Death Notice: Ikigami review (DVD)

Based on Motoro Mase's manga series, Death Notice: Ikigami, or simply Ikigami as per the original Japanese title, is the latest live-action release from MVM Entertainment, who until recently had mostly concentrated on bringing anime to DVD in the UK. But since the company began broadening its horizons, the subsequent films have often been less than appealing. Until now. MVM have struck gold with Ikigami: a tremendously original and emotionally engaging film with a human heartbeat.

Set in a dystopian Japan with an incredibly low crime rate thanks to its “National Prosperity” law, all the boys and girls in the country receive inoculations to begin their very first day of school. One in a thousand of these jabs contain a nano-capsule that will instantly kill those unfortunate enough to be injected at a specific time somewhere between the ages of 18 and 24, all in the name of sacrifice for the good of the nation and to preserve the true value of life in society. Those who carry the capsule are clueless as to their untimely demise right up until precisely 24 hours before they are set to expire, when they are alerted to their plight by a representative from an elite group, who brandishes a notice of their death, or “ikigami”. Those about to die are given free food, transportation and lodging so that they may have a 'comfortable' final day.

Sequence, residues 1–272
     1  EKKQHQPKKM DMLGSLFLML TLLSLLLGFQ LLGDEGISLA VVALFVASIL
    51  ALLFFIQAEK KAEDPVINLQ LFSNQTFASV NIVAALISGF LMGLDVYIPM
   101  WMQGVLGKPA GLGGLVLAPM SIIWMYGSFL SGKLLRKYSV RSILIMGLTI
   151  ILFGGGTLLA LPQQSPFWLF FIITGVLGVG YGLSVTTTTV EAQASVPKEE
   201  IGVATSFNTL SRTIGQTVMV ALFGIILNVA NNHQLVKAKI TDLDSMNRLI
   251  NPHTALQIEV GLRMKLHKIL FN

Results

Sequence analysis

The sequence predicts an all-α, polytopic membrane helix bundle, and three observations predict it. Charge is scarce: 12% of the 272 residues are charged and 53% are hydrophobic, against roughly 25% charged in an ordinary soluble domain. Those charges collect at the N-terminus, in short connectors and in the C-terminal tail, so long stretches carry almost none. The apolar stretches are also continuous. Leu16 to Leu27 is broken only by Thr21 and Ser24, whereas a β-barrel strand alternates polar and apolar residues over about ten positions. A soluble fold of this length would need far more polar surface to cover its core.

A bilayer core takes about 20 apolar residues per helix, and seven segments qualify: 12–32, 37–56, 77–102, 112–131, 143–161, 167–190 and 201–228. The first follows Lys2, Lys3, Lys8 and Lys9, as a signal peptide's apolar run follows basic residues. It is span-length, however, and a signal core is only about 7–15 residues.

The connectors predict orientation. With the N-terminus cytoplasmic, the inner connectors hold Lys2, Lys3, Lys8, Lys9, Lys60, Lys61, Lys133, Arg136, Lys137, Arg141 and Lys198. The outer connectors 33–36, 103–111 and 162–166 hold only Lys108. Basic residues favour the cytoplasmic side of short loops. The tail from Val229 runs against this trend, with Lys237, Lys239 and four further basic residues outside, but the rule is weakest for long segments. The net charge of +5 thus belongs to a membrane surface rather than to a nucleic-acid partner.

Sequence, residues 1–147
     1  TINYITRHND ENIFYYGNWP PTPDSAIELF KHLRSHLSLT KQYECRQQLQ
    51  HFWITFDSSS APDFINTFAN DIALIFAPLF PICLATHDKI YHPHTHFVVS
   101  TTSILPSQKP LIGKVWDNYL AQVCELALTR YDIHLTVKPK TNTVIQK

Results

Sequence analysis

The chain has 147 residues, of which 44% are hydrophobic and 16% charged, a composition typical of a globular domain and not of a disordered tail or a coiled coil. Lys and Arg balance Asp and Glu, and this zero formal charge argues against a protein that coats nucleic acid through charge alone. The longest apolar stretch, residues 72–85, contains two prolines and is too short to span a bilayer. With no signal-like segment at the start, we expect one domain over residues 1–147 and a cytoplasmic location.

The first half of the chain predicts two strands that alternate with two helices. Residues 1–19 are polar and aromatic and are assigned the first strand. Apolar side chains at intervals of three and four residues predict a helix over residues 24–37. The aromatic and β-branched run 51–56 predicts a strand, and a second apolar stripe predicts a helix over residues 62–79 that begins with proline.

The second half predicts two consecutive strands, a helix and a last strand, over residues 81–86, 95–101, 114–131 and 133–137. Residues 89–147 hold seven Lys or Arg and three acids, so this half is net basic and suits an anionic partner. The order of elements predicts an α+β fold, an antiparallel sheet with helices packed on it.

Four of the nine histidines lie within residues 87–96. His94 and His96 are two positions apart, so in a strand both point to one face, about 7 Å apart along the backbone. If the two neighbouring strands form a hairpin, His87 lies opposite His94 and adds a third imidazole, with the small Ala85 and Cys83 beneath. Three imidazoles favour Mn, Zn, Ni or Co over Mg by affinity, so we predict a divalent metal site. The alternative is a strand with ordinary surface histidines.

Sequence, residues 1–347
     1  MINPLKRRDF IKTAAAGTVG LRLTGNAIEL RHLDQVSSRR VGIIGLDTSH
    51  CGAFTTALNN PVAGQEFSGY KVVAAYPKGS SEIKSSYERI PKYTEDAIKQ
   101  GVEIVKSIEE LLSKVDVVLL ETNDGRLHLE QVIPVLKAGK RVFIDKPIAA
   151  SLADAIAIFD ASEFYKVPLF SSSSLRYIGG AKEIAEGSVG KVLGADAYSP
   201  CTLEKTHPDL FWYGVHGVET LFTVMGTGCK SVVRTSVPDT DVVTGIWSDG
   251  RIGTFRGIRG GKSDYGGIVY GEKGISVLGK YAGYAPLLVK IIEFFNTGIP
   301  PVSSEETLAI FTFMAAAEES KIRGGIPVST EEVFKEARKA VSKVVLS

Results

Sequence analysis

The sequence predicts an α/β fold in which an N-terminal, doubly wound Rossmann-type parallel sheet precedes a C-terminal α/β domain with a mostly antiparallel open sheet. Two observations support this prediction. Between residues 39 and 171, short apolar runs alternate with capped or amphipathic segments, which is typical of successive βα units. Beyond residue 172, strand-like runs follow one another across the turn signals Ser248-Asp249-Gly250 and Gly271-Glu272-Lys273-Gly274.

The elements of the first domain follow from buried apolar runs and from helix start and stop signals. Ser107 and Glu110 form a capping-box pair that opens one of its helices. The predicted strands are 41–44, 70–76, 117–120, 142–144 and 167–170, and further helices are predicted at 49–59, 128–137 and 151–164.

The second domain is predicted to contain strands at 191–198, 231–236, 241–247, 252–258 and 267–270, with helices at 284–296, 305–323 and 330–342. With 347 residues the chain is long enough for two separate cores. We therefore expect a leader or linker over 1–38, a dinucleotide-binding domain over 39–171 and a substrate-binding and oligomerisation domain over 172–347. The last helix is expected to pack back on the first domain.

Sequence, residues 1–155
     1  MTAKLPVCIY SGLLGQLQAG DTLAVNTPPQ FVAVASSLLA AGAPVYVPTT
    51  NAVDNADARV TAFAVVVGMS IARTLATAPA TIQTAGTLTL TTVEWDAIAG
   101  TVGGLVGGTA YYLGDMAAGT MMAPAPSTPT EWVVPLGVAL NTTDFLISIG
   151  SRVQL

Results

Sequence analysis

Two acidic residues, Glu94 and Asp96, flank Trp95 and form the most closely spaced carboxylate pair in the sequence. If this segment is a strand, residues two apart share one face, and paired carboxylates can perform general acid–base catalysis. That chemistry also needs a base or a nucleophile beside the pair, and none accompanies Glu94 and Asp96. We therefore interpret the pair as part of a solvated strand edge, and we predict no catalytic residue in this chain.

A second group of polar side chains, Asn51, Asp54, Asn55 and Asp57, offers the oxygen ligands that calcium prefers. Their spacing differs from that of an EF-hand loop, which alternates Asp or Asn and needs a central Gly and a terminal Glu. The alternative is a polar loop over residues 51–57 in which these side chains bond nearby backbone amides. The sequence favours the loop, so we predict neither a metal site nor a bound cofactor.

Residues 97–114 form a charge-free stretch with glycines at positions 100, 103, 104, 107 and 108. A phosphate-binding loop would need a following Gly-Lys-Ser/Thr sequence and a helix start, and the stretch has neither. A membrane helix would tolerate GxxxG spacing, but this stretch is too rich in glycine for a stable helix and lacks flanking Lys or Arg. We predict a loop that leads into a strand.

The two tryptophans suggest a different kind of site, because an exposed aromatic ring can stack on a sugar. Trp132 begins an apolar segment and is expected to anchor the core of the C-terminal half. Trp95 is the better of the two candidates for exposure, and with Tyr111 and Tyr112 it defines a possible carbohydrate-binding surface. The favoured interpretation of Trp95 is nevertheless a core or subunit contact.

Following on from the basic principle of the film, Ikigami is split into three stories each strung together by a hesitant young man who has just begun his job as a distributor of death notices. His inaugural delivery is at the apartment of a young musician whose death coincides with his first big break performing live on television with his partner. His next jobs respectively involve the reclusive son of a prominent politician and the older brother of a blind woman whom he looks after. Each of these stories are deeply written and feature characters fleshed out enough that they become just as prominent as the ikigami deliverer who holds the film together. The same goes for the work of the stunning cast.

The disturbing Orwellian society depicted in the movie is bleak to say the least and is the dark catalyst for a great deal of emotion. The musician's final few minutes before his inevitable death gave me goosebumps and ultimately make for the most powerful scene in a terrific film. Death Notice: Ikigami is second only to Oldboy as the greatest manga adaptation that I've ever had the pleasure of seeing.

EXTRAS ? Only the original Japanese trailer and teaser.

Stuart O'Connor is the Managing Editor of Screenjabber, the movie review website he co-founded with Neil Davey far too many years ago. He likes all genres, as long as the film is good (although he does enjoy the occasional bad "guilty pleasure"), and drinks way too much coffee.

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